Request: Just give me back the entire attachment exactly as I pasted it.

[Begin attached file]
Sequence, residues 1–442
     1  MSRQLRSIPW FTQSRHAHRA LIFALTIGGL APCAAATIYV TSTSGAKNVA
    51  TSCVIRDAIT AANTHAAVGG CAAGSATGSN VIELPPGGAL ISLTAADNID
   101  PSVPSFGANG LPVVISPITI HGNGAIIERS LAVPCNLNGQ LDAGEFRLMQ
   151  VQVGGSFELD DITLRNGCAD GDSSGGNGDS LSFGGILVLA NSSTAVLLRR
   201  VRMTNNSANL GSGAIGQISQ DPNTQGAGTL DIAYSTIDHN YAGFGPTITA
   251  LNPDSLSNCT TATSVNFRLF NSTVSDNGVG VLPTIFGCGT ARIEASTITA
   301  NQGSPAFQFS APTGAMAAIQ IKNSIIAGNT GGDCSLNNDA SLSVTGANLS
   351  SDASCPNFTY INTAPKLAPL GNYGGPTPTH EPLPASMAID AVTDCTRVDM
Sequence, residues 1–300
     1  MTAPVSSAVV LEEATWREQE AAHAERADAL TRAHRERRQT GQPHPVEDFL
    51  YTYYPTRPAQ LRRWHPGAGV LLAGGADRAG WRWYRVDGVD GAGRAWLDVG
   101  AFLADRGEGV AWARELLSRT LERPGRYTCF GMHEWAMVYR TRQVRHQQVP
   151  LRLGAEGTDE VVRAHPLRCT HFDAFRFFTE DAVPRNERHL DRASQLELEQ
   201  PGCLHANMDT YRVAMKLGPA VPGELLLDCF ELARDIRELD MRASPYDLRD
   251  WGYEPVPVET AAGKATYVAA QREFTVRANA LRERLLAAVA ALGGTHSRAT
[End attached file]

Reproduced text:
Sequence, residues 1–442
     1  MSRQLRSIPW FTQSRHAHRA LIFALTIGGL APCAAATIYV TSTSGAKNVA
    51  TSCVIRDAIT AANTHAAVGG CAAGSATGSN VIELPPGGAL ISLTAADNID
   101  PSVPSFGANG LPVVISPITI HGNGAIIERS LAVPCNLNGQ LDAGEFRLMQ
   151  VQVGGSFELD DITLRNGCAD GDSSGGNGDS LSFGGILVLA NSSTAVLLRR
   201  VRMTNNSANL GSGAIGQISQ DPNTQGAGTL DIAYSTIDHN YAGFGPTITA
   251  LNPDSLSNCT TATSVNFRLF NSTVSDNGVG VLPTIFGCGT ARIEASTITA
   301  NQGSPAFQFS APTGAMAAIQ IKNSIIAGNT GGDCSLNNDA SLSVTGANLS
   351  SDASCPNFTY INTAPKLAPL GNYGGPTPTH EPLPASMAID AVTDCTRVDM
Sequence, residues 1–300
     1  MTAPVSSAVV LEEATWREQE AAHAERADAL TRAHRERRQT GQPHPVEDFL
    51  YTYYPTRPAQ LRRWHPGAGV LLAGGADRAG WRWYRVDGVD GAGRAWLDVG
   101  AFLADRGEGV AWARELLSRT LERPGRYTCF GMHEWAMVYR TRQVRHQQVP
   151  LRLGAEGTDE VVRAHPLRCT HFDAFRFFTE DAVPRNERHL DRASQLELEQ
   201  PGCLHANMDT YRVAMKLGPA VPGELLLDCF ELARDIRELD MRASPYDLRD
   251  WGYEPVPVET AAGKATYVAA QREFTVRANA LRERLLAAVA ALGGTHSRAT